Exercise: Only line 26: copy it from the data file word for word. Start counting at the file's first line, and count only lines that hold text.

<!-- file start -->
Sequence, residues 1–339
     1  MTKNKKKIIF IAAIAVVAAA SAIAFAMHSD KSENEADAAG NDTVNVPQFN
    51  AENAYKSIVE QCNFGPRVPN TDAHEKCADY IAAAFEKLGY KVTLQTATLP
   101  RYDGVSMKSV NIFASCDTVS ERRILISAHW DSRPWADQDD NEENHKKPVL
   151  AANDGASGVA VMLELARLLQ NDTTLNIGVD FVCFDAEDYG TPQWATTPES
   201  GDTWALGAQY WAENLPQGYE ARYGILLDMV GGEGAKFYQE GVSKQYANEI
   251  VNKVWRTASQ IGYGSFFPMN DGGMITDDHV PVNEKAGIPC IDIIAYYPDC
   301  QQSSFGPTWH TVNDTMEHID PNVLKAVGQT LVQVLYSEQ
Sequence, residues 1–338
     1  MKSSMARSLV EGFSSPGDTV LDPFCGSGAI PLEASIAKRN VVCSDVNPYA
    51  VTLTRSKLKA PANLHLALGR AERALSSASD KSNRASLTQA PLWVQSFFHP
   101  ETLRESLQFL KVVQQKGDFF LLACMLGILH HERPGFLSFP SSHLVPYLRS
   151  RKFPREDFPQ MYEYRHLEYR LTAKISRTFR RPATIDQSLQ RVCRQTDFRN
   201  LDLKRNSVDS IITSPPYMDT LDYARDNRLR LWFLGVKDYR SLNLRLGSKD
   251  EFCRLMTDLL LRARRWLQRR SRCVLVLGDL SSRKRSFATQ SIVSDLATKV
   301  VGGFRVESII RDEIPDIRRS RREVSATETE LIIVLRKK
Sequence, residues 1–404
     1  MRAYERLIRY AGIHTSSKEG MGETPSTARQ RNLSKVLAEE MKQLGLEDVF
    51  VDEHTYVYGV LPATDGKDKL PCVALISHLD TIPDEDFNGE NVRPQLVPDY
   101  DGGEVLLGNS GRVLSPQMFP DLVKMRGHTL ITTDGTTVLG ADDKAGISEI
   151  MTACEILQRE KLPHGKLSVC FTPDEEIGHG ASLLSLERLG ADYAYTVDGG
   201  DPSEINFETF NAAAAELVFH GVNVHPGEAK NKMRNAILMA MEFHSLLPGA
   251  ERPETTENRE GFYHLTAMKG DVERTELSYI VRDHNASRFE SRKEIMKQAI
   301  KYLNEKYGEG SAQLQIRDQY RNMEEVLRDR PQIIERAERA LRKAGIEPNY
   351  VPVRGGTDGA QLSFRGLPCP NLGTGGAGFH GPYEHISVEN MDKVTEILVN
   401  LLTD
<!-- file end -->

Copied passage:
   401  LLTD